By Zubair Ahmed
BBC News, Mumbai
A poor Indian couple who allegedly stole the body of a Mumbai (Bombay) blast victim and fraudulently claimed compensation are facing a lengthy jail term.
It took a while for Gandhi's family to discover that he was dead
When Mumbai was shocked by last week's bomb explosions, police say Sagar Vyapari, 30, hit upon a bizarre idea.
He and his wife, Sangeeta, went to a hospital and allegedly claimed the body of a man who had been killed in the bombings as well as a cheque for 100,000 rupees ($2,130) in compensation, given by the state government to the relatives of those who were killed.
The couple cremated the body and then applied for compensation of 500,000 rupees ($10,650) from the federal government.
As they were waiting for the cheque to arrive, the real family of the victim, Jitendra Gandhi, reported him missing.
Searching through all 30 hospitals where blast victims were taken, they realised he had been killed only after a police officer, MB Raskar, showed them his possessions and identity card.
Police investigations led them to the Vyaparis in Thane, a town outside Mumbai. Hospital records showed they had claimed Mr Gandhi's body.
Police say the Vyaparis, who are from Calcutta, admitted they had stolen the body.
Mr Vyapari apparently told the police they did it to earn some quick money for the treatment of his wife, who he said was suffering from tuberculosis.
But Mr Raskar says he does not believe the couple.
"It's true they are extremely poor and perhaps needed the money. But the tuberculosis story was concocted after they were caught to earn public sympathy," he told the BBC.
Willing to forgive
However, one of Mr Gandhi's family members appeared to be more forgiving.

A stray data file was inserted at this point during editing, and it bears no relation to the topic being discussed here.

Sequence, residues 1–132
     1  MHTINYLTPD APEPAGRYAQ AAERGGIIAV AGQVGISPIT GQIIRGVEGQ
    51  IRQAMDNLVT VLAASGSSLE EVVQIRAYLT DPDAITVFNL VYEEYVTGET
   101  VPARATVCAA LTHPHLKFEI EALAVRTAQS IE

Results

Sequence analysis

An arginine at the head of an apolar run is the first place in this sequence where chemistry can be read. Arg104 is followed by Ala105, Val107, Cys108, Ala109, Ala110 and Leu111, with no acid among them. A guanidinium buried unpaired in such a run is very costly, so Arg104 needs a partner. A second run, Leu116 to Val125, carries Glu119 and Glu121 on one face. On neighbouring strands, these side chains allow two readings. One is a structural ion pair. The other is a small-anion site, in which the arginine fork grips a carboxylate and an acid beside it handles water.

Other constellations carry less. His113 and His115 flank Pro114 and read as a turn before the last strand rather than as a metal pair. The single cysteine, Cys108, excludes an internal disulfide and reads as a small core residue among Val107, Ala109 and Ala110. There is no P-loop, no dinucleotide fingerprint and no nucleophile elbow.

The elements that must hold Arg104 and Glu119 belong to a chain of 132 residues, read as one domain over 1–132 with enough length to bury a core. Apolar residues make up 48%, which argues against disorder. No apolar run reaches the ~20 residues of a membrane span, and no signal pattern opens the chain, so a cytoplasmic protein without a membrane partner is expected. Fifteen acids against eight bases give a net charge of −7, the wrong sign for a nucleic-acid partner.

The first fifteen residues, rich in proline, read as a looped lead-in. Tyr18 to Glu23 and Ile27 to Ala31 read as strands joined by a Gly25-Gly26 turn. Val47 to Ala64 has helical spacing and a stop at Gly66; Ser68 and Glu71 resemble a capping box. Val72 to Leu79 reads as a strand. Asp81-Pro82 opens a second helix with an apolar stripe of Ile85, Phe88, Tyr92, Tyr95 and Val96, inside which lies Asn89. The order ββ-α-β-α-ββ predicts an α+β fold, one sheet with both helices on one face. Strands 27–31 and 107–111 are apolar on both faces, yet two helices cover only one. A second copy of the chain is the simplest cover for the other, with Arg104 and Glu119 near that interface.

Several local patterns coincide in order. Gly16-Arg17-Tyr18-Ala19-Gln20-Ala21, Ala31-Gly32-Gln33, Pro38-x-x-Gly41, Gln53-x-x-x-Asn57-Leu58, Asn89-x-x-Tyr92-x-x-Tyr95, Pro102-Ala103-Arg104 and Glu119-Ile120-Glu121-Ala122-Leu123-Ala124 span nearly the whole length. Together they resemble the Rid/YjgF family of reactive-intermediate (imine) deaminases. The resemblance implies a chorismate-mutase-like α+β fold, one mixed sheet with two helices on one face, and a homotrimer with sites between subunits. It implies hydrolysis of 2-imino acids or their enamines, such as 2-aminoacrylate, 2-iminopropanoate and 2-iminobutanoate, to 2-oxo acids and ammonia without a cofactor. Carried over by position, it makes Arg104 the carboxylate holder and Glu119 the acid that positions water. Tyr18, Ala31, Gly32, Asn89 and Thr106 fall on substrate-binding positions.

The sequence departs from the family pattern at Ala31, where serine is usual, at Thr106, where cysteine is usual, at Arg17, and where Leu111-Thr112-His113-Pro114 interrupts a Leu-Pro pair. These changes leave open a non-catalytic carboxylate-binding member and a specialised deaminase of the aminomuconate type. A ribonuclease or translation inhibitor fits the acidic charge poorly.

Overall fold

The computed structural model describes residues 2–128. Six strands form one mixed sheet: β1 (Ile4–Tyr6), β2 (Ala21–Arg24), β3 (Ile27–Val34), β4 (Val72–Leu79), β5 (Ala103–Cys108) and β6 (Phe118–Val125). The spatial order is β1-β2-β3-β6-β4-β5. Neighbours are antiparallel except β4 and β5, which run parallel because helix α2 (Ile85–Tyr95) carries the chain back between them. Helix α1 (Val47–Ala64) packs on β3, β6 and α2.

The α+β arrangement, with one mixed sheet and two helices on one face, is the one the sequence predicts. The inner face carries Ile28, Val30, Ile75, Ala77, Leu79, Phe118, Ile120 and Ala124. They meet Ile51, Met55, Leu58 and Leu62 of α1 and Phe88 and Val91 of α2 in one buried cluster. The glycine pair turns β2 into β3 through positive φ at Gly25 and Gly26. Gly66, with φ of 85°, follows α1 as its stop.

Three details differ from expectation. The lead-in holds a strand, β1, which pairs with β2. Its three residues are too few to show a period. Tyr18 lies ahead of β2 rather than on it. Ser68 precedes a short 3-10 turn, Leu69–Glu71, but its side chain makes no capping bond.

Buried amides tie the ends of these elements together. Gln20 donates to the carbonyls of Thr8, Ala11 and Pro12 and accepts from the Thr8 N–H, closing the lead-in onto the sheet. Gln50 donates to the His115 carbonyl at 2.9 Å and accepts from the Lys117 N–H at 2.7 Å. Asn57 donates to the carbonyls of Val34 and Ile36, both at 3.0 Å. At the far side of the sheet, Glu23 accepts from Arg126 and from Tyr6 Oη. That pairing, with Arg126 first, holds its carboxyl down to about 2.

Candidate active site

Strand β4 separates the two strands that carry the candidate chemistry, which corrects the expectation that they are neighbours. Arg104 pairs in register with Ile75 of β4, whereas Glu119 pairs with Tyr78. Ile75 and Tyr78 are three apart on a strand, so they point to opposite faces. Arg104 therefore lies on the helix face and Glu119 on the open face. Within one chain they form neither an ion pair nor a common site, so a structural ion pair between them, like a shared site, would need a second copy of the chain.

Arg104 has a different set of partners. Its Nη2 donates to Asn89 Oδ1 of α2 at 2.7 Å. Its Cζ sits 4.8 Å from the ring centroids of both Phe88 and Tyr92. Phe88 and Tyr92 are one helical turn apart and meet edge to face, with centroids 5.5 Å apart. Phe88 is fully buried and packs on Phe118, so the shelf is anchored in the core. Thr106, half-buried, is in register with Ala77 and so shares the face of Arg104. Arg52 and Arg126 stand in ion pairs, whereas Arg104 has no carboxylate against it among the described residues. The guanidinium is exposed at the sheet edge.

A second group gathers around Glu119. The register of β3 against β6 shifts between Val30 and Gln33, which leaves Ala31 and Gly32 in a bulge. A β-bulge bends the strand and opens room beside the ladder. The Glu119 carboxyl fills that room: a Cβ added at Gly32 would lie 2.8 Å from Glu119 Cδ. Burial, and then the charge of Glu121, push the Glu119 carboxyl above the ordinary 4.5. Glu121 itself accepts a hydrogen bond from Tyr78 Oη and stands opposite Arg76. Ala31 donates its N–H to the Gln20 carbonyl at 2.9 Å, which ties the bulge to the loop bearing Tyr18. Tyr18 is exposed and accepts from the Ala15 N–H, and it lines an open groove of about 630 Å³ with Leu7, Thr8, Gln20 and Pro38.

He told an Indian television station: "We are still coming to terms with it, but at least they cremated the body with Hindu rites. They have a five-year-old kid and I feel sorry for him."
He even suggested that he would post their bail.
Mumbai is still trying to come to terms with the bombings
But the police say the law will take its own course.
The Vyaparis have been charged with fraud, cheating and wrongfully disposing of the body. If convicted, they face a jail term of five to six years.
The incident has evoked a mixed response in a city which is still trying to come to terms with the bombings.
A police officer at the police station where the couple are being detained says they are not as innocent as they appeared on television.
But others who watched them on television said their only crime was being poor.
Ironically, the media have inadvertently played a role in the saga.
When the Vyaparis realised that many people were looking for their loved ones after the bombings, they allegedly hatched a plan to claim a body from hospital.
The couple showed up at Cooper Hospital looking distraught.
Crying, they told television reporters that they had come to claim the body of Sunil Vyapari, Sagar's father.
Reporters who interviewed the couple decided to help them and put them in touch with the hospital authorities.
Without suspecting the couple, they handed over the body that Sagar Vyapari claimed was his father.
The authorities did not even ask for proof of their identity.
The Vyaparis appeared in court on Tuesday and were remanded in police custody.
Meanwhile, Mr Gandhi's family has left for their home town, Nasik, 200km (125 miles) from Mumbai, where they will perform his last rites.